Right after I started this blog, a friend of mine asked me to review Arn the Templar Knight (2010, dir. Peter Flinth, Swedish and English with subtitles). The film is based on a trilogy of novels by Jan Guillou. It was filmed in Sweden as two films, Arn the Knight Templar and Arn—the Kingdom at Road’s End, in 2007 and 2008, and then edited into a single film in 2010. The two films together comprise the most expensive film production in Swedish history, and was a fairly big deal over there. The composite version is the one I saw (it’s available on Netflix). So, Sam, this one’s for you.
The film’s story is fairly complex, which is unsurprising for a film that covers three novels’ worth of history. Half the film follows Arn and his adventures in the Holy Land, while the other half follows Cecelia, Arn’s love, and later events in Sweden. Because both halves require some historical background to understand, I’m going to cover the Arn/Holy Land portion of the film in this post, and later this week I’ll cover the Cecilia/Sweden portion of the film.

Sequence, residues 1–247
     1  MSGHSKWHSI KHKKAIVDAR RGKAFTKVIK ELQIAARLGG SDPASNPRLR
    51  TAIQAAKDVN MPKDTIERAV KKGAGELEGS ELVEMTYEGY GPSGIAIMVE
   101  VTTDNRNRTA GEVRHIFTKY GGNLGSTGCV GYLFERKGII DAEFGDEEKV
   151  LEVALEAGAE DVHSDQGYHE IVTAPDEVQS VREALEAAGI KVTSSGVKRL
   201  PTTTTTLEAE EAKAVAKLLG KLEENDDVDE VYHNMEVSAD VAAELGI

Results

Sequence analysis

What Happened in the Holy Land in 1187
In the 1180s, the Kingdom of Jerusalem was a thriving Western European state along the Levant, the eastern coast of the Mediterranean. Since the First Crusade at the very end of the 11th century, Western Europeans had controlled the narrow coastal strip running from Antioch down to Jerusalem. But the Franks, as Europeans living in the Holy Land were broadly known, never possessed a deep population base, and had to be extremely cautious in the way they confronted Muslims efforts to retake the region, because military losses could take decades to replenish.